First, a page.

NHS in London asked to plan for ‘possible Covid surge later in 2021’

THE NHS in London has been told to prepare for a third wave of the coronavirus later in 2021.

From this month, bosses will need to start planning for the “possible surge” of cases – modelled to peak around July or August.

🦠 Read our coronavirus live blog for the latest news & updates

It will involve giving NHS staff “immediate respite” after the gruelling year they have endured, and a plan to tackle operation backlogs.

The guidance, called the “spring recovery planning” and seen by the Health Service Journal (HSJ), says: “Later in March/early April we will ask for systems to begin to plan for a possible wave 3 covid surge.”

“[The] purpose of the critical care de-surge plan [is to] ensure that the… bed base can expand safely in the event of a 3rd covid surge and/or other major incident/event.”

The guidance for London ahead of any other region in the country, “surprising” senior figures who are waiting for a nationwide approach. 

NHS’s London regional team said in a statement: “We have asked London’s [ICSs] to share their short term recovery plans for the first quarter of the year. This is in line with the national process and systems will be asked to issue a formal submission on their longer term recovery plans when the national framework guidance has been published.”

The capital was hit hard in the second wave of the pandemic, leading to the announcement of a major incident by the Mayor Sadiq Khan on January 8.

It meant emergency services and hospitals could not guarantee their usual service, as Mr Khan said the spread of Covid was "out of control".

Mr Khan ended the "major incident" status this week but said the capital remained on "high alert".

There are still 2,000 patients with Covid in London hospitals, with each person admitted spending on average three weeks under NHS care.

Some 100 people are being admitted to hospitals in the capital each day, down from highs of 900 in January.

But experts say the NHS still has a long way to go, with pressures not expected to ease until well into the spring or even summer.

People in their 50s aren't expected to have protection from their vaccines until roughly early May, while those in their 40s and 30s – who can still be admitted to hospital for Covid – won't have immunity until the summer.

Meanwhile, the millions of people on London's NHS waiting list for treatments may be waiting another two years, it's been warned.

Professor Marcel Levi said University College London Hospitals NHS Trust, told the Evening Standard treating the capital's backlog of patients will be a "marathon" and the "biggest challenge" for the NHS.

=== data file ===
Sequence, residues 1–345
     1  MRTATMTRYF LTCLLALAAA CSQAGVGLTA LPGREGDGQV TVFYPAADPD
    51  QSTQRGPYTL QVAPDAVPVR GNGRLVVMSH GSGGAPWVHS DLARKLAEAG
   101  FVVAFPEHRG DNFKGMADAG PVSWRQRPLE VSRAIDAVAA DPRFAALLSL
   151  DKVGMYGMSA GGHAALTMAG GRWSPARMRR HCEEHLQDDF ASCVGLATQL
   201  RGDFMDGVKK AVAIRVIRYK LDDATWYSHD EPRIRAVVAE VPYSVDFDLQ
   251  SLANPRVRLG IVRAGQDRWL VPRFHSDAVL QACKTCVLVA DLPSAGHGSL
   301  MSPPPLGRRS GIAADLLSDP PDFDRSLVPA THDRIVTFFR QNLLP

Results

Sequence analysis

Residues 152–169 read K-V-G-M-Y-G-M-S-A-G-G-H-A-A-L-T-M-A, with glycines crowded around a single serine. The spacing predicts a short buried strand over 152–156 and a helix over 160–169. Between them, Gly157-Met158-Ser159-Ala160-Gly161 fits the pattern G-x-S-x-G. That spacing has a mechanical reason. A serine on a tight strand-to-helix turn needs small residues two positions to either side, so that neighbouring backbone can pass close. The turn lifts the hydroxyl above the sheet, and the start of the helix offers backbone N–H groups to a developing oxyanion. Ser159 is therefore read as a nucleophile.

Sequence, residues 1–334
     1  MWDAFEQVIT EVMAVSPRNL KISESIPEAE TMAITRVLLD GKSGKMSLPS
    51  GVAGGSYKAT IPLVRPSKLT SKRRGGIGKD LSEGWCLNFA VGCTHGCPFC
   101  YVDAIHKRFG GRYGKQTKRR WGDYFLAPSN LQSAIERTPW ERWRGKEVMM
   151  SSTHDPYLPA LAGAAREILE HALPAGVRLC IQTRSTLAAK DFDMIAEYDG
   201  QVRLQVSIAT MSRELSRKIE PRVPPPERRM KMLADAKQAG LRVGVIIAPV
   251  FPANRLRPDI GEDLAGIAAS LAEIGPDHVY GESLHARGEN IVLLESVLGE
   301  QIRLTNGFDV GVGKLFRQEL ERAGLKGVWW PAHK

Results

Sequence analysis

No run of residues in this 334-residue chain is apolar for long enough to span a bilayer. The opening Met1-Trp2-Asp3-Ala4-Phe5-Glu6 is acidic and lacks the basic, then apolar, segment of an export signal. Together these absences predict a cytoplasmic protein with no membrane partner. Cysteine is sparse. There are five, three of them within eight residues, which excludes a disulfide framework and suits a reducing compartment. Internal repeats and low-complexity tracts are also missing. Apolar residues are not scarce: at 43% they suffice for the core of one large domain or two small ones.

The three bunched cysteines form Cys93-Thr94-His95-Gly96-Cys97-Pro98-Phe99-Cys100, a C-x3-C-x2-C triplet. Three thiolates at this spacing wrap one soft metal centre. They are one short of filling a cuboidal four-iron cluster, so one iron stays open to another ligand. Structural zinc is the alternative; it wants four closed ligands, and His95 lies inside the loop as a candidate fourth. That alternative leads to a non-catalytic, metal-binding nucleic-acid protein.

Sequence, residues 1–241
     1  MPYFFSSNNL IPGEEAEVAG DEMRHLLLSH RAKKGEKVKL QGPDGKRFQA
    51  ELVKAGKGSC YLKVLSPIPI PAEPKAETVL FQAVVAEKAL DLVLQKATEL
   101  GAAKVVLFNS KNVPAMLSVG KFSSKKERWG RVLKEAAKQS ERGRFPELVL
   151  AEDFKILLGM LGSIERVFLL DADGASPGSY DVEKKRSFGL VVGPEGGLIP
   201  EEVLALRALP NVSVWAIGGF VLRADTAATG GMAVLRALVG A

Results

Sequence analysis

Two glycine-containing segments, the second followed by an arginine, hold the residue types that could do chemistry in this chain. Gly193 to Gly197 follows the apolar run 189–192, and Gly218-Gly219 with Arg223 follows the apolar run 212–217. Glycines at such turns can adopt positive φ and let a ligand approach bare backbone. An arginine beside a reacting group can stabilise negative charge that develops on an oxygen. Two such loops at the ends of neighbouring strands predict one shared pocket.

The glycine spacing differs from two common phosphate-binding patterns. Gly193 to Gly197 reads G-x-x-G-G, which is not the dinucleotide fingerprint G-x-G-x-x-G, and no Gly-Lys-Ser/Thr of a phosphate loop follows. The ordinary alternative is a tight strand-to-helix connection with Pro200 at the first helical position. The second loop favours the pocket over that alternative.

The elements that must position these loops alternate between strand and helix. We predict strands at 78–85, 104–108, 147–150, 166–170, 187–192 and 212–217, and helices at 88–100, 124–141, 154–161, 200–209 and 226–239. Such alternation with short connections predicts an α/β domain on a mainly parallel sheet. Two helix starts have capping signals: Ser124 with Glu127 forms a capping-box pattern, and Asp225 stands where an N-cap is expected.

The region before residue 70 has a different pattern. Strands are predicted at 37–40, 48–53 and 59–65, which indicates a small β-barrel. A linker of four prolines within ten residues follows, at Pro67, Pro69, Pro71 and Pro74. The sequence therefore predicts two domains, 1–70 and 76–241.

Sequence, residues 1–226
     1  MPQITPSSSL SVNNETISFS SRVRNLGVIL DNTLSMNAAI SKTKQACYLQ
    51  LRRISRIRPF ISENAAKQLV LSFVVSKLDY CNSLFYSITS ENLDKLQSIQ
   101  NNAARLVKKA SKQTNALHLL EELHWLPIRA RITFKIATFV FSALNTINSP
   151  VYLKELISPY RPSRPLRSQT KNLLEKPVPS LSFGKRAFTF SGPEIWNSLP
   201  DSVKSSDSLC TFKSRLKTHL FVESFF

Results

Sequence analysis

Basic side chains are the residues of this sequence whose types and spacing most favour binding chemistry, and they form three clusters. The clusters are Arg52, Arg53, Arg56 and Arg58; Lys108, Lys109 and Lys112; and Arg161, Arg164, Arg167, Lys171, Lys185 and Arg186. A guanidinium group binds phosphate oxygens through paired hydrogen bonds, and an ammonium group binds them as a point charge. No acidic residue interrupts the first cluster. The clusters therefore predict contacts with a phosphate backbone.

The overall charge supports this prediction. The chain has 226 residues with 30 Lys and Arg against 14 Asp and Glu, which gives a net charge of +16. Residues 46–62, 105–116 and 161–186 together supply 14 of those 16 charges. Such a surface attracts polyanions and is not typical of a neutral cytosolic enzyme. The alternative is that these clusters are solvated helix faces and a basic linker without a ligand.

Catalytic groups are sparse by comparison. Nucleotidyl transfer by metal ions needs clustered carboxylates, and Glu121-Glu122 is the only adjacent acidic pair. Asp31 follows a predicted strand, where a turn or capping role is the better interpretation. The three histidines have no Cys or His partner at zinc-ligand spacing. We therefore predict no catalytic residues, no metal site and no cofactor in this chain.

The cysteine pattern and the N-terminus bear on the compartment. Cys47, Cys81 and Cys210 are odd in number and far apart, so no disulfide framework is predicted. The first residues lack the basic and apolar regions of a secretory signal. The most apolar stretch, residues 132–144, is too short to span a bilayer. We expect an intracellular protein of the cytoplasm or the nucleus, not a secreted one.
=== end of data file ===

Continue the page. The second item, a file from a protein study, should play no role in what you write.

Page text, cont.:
Third wave on the cards

Another wave of cases and deaths is inevitable even if the lifting of lockdown were delayed for six or nine months, Prime Minister Boris Johnson said when announcing the cautious plan to normality.

Modelling given to the PM by Sage – the government scientific advisory group – showed that even with a slow unlocking, another wave would occur, killing up to 80,000 people.

The severity of it would depend on the uptake of the vaccine, and how well the vaccine works to prevent spread of the virus, as well as severe disease and death.

Yesterday, Dr Mary Ramsay, Public Health England's head of immunisation, said Covid vaccines may be stopping the spread of the virus “almost completely”.

A proportion of the population will either refuse the vaccine or fall through the gaps.

This group of vulnerable people will be sizable enough for the virus to cause another surge in cases, given that all restrictions, including social distancing, are to be scrapped by June.

The unlocking of society is planned to be “irreversible”.

There is also the threat of new variants of the virus, including those from South Africa and Brazil.

These strains have some ability to evade immunity built from prior infection or vaccines that have been developed based on the “original” Covid strains. 

Matt Hancock said that there may be a need for a third Covid-19 vaccination dose over autumn against new variants.

The Health Secretary told the Commons on Tuesday: “Now, we know for sure that we seek to vaccinate with two doses every adult in the UK, there may well be a need for a third vaccination over the autumn against variants and there is currently a clinical trial considering the vaccination of under-18s.”

Officials say the current vaccines, from AstraZeneca and Pfizer, should still work to prevent most severe disease and death caused by dominant strains in the UK. 

And if a new variant emerges that renders the vaccines useless, ministers say jabs can be rapidly tweaked.

Source: Read Full Article